Item description for Chicken Soup for the Little Souls: 3 Colorful Stories to Warm the Hearts of Children (Chicken Soup for the Soul) by Lisa McCourt, Pat Grant Porter & Bert Dodson...
Overview Presents stories dealing with topics of love, kindness, friendship, and family life.
Publishers Description As an original hardcover, each of these books sold over 150,000 copies. Due to frequent requests, HCI is now re-releasing the stories in one paperback, complete with a Chicken Soup for the Soul look and size. Each offers a lesson on how to make the world a better place. These inspirational stories are sure to put smiles on the faces of children everywhere. In "The Goodness Gorillas," the friends of the Goodness Gorilla Club have lots of great plans But what will they do about Todd, the meanest kid in the class?In "The Best Night Out with Dad," Danny has a new friend, and an important decision to make. Will he get to see the circus after all?In "The Never-Forgotten Doll," Ellie want s to give a special gift to Miss Maggie, the best babysitter in the world. But everything is going wrong How will she show Miss Maggie how much she loves her?
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Est. Packaging Dimensions: Length: 8.47" Width: 5.52" Height: 0.33" Weight: 0.37 lbs.
Release Date Aug 1, 2000
Publisher HEALTH COMMUNICATIONS #647
Series Chicken Soup For Little Souls
ISBN 1558748121 ISBN13 9781558748125
Availability 0 units.
More About Lisa McCourt, Pat Grant Porter & Bert Dodson
Award-wining author Lisa McCourt has written over thirty books for children, including the Stinky Face books. She lives with her family in Boca Raton, Florida. Cyd Moore has illustrated many books for children, including the Stinky Face series. She lives in Michigan with her family. Visit her at www.cydmoore.com.
Lisa McCourt currently resides in Boca Raton, in the state of Florida.
Reviews - What do customers think about Chicken Soup for the Little Souls: 3 Colorful Stories to Warm the Hearts of Children (Chicken Soup for the Soul)?
Chicken Soup for Little Souls Nov 4, 2005
Although I am a bit over the age this book was directed at, I still find this book really great. The illustrations are simply beautiful, and the story is simple but powerful. It's about a boy who goes to his annual trip to the circus with his Dad. He meets a new friend who has never gone to the circus before. When his friend meets a problem, the boy has to help him out. It's really an example of what we all should be like.
One of our favorite books (and we have LOTS) Oct 4, 2001
I get teary every time I read this with my children. It is a wonderful story and teaches a great lesson in sharing and giving something love so that someone else can experience that joy -- and how wonderful you feel for having given it away.
A very nice story about sharing Apr 28, 2000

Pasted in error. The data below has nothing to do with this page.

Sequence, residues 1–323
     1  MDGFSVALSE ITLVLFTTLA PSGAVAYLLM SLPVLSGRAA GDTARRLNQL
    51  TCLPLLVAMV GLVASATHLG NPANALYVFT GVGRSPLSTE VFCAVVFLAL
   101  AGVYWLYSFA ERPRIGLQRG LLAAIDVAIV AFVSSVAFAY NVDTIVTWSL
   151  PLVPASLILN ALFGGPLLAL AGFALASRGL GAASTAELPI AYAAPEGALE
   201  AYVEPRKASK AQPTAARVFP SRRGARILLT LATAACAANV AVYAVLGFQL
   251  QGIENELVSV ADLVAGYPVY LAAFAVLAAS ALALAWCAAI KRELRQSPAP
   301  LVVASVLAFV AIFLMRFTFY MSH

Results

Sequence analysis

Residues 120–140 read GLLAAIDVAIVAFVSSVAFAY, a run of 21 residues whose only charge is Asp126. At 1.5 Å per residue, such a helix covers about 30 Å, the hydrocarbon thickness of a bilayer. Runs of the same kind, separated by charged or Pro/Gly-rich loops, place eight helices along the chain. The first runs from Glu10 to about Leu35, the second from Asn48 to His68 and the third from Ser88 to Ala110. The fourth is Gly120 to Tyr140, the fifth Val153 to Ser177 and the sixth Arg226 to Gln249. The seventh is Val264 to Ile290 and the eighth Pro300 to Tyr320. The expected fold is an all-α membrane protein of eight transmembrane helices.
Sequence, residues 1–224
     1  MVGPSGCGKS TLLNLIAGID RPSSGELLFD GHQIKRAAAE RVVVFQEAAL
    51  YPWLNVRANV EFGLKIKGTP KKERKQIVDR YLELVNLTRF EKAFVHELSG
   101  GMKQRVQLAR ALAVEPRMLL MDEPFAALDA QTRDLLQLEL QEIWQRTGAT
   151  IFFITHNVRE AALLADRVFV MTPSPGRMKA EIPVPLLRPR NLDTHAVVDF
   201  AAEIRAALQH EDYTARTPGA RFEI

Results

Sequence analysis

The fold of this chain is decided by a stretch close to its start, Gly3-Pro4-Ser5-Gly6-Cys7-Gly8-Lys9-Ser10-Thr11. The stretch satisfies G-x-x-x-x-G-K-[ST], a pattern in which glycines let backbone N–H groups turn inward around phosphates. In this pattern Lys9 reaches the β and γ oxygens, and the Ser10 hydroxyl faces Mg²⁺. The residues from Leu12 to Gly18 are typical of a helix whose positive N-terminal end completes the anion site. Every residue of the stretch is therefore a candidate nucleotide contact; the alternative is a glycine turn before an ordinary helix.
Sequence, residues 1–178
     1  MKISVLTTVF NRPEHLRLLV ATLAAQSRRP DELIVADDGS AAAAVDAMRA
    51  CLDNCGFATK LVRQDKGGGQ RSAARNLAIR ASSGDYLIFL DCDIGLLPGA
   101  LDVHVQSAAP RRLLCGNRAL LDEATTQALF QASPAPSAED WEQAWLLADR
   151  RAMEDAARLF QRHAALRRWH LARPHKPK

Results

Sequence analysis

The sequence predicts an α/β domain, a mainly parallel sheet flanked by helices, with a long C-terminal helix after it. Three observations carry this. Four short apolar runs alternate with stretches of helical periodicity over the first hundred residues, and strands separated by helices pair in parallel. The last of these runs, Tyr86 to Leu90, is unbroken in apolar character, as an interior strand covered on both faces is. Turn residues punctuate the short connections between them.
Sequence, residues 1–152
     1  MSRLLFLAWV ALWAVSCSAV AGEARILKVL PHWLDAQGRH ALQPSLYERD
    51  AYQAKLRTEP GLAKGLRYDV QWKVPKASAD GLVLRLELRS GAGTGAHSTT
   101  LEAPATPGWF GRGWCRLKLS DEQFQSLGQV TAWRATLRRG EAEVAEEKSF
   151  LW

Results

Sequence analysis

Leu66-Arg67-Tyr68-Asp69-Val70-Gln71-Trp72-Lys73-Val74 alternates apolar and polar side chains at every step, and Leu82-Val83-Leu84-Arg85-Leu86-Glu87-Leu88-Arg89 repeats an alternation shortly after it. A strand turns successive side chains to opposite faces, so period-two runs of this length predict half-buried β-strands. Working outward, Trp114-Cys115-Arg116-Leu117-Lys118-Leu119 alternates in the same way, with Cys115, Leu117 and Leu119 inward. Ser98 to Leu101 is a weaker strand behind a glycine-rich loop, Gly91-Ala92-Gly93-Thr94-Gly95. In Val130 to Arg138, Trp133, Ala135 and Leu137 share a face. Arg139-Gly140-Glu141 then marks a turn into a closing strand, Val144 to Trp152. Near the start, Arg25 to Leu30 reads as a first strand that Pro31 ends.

On his way to the circus, Danny makes a new friend. The meeting leads up to an important decision. This tender story pulled at my heart strings as well. I'm sure it brought tears to my eyes the first time I read it.
Lively illustrations accompany the tender story. Definitely a must for any little boy or girl's bookshelf.
Clear Values for Families of all Faiths Nov 28, 1998
This set of books wonderfully illustrates the values of putting others ahead of yourself and the joy that can come from making others happy. The illustrations are engaging to children and the stories hold their attention. I have used these three books with children from three years to twelve years of age in a childcare setting and was very pleased with the way they held the children's attention and at the discussion generated during and after the story.
Presents Animals in an archaic manner. Nov 25, 1998
Although I liked the idea of the child and the father enjoying themselves at the circus, the kind of circus displayed is slowing, thankfully dying out. Using elephants, bears and tigers to entertain humans is becoming less accepted as they are replaced with domestic animals. Presenting to the children in the 90's images of wild animals performing gives this practice a stamp of approval it shouldn't get.I feel the authors and publishers of children's books should be more responsible for the images and ideas they project to children. Putting a light-hearted spin on what is basically the imprisonment and forced performance of wild animals is wrong. If they were to research it a bit, they would find the elephants are shackled 22 out of 24 hours a day, let off their chains only for the daily performance and many end up going insane from their lack of freedom. The dancing bears were taught this un-natural act in cruel ways, especially if they are from Russia and were tortured with yanks on a nose ring until bullied into these jigs for profit. Tigers are simply whipped, poked, shocked and caged.A modern type of circus would be a more aware and humane choice to present,like the troop from France that uses mostly people for the acts,like contortionists, jugglers, clowns with the occasional poodle who jumps hurtles.The same basic story could have been told and the same opportunities would exist for colourful illustrations, without continuing to validate the idea of using wild animals for our means to our children. Thanks, LeeAnn Baker email:firstname.lastname@example.org